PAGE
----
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Dynamic Programming. Foundations and Principles. Second Edition. Moshe Sniedovich. University of Melbourne. Melbourne, Australia. CRC Press. Taylor &.
Table of contents
- Ebook Dynamic Programming Foundations And Principles
- Dynamic programming - Encyclopedia of Mathematics
- Dynamic programming : foundations and principles
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Ebook Dynamic Programming Foundations And Principles
Dynamic programming - Encyclopedia of Mathematics
Simultaneously with the construction of the functions one also finds the conditional optimal controls at each step i. The final optimal controls are found by successively computing the values. The following property of the method of dynamic programming is evident from the above: It solves not merely one specific problem for a given , but all problems of this type, for all initial states.
Since the numerical realization of the method of dynamic programming is laborious, i. Even though dynamic programming problems are formulated for discrete processes, the method may often be successfully employed in solving problems with continuous parameters. Dynamic programming furnished a novel approach to many problems of variational calculus. An important branch of dynamic programming is constituted by stochastic problems, in which the state of the system and the objective function are affected by random factors.
Such problems include, for example, optimal inventory control with allowance of random inventory replenishment.
Controlled Markov processes are the most natural domains of application of dynamic programming in such cases. The method of dynamic programming was first proposed by Bellman. Rigorous foundations of the method were laid by L. Pontryagin and his school, who studied the mathematical theory of control process cf. Optimal control, mathematical theory of. Even though the method of dynamic programming considerably simplifies the initial problems, its explicit utilization is usually very laborious.
Attempts are made to overcome this difficulty by developing approximation methods. If the process to be controlled is described by a differential equation instead of a difference equation as considered above, a "continuous" version of the Bellman equation exists, but it is usually referred to as the Hamilton—Jacobi—Bellman equation the HJB-equation.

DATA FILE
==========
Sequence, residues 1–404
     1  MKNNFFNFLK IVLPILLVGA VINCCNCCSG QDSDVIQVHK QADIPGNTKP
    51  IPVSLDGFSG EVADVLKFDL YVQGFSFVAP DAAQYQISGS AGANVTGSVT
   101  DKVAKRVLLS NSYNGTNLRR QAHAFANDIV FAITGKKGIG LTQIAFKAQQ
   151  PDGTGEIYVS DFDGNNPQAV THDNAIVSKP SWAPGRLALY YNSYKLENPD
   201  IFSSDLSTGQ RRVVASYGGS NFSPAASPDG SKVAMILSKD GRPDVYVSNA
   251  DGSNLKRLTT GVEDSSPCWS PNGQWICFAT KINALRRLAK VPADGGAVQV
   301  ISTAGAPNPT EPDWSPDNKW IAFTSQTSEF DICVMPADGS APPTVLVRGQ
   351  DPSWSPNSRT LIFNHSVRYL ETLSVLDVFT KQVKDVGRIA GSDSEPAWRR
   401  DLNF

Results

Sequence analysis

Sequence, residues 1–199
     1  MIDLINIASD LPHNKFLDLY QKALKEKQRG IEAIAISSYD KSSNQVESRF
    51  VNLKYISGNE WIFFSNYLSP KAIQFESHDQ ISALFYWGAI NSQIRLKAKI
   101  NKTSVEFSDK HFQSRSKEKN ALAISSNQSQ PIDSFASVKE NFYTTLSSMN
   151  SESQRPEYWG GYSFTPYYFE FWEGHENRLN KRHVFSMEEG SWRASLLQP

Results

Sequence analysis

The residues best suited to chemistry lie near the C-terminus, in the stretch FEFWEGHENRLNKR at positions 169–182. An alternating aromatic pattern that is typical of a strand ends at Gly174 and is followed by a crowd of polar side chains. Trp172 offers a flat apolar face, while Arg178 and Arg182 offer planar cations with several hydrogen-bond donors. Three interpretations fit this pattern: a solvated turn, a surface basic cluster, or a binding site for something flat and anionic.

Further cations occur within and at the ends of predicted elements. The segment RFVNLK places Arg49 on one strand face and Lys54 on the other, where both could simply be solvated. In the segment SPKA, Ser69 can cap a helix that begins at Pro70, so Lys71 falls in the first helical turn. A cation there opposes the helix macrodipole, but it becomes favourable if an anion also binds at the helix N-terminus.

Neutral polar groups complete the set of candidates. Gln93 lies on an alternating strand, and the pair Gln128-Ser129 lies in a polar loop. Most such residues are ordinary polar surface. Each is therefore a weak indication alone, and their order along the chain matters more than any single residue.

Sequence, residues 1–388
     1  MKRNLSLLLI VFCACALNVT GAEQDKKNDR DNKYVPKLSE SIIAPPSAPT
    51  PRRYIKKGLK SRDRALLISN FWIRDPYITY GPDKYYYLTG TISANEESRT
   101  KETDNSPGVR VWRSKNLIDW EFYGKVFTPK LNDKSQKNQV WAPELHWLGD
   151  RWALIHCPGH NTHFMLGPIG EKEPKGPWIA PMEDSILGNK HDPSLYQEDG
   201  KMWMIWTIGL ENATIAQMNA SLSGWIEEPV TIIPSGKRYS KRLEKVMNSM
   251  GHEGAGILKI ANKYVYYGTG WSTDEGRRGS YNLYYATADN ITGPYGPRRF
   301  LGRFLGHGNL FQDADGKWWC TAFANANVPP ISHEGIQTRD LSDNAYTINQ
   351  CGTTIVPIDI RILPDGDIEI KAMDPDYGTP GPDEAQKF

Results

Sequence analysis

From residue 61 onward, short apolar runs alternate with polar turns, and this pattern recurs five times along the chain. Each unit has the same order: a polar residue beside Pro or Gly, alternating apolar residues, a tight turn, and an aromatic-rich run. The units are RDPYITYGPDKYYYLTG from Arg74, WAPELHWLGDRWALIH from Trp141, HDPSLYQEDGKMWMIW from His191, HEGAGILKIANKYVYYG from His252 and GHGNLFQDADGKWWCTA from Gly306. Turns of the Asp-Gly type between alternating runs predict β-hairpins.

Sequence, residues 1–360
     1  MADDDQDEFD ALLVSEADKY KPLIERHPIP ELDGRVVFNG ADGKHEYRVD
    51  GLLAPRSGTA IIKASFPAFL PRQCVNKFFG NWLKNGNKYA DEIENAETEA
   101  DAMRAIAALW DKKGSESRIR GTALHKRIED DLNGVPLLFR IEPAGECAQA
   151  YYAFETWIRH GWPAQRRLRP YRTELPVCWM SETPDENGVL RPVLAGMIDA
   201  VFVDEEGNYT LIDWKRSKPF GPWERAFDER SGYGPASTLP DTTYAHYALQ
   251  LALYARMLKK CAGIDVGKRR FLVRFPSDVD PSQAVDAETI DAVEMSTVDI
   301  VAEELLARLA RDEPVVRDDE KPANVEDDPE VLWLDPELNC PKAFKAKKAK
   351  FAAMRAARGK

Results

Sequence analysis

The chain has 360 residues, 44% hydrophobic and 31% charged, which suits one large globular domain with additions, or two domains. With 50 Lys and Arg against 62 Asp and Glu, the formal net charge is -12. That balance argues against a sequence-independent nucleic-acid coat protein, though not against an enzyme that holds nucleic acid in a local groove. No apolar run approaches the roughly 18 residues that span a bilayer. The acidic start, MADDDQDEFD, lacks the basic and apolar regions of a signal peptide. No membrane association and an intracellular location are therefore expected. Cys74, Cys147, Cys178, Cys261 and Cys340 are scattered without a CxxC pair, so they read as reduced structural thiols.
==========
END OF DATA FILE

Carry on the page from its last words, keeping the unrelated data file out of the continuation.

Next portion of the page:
Dynamic programming : foundations and principles
The HJB-equation is a partial differential equation. Application of the so-called "method of characteristics" solution method to this partial differential equation leads to the same differential equations as involved in the Pontryagin maximum principle.
Derivation of this principle via the HJB-equation is only valid under severe restrictions. Another derivation exists, using variational principles, which is valid under weaker conditions. For a comparison of dynamic programming approaches versus the Pontryagin principle see [a1] , [a2]. In the terminology of automatic control theory one could say that the dynamic programming approach leads to closed-loop solutions of the optimal control and Pontryagin's principle leads to open-loop solutions.
For some discussion of stochastic dynamic programming cf.
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Jump to: navigation , search. This transition process is realized by a given function , and the new state is determined by the values , : Thus, the control operations convert the system from its initial state into the final state , where and are the sets of feasible initial and final states of. In the example above, this means that Another requirement of the method is the absence of "after-effects" in the problem, i. In other words, processes of the type are not considered. The final optimal controls are found by successively computing the values The following property of the method of dynamic programming is evident from the above: It solves not merely one specific problem for a given , but all problems of this type, for all initial states.
References  R.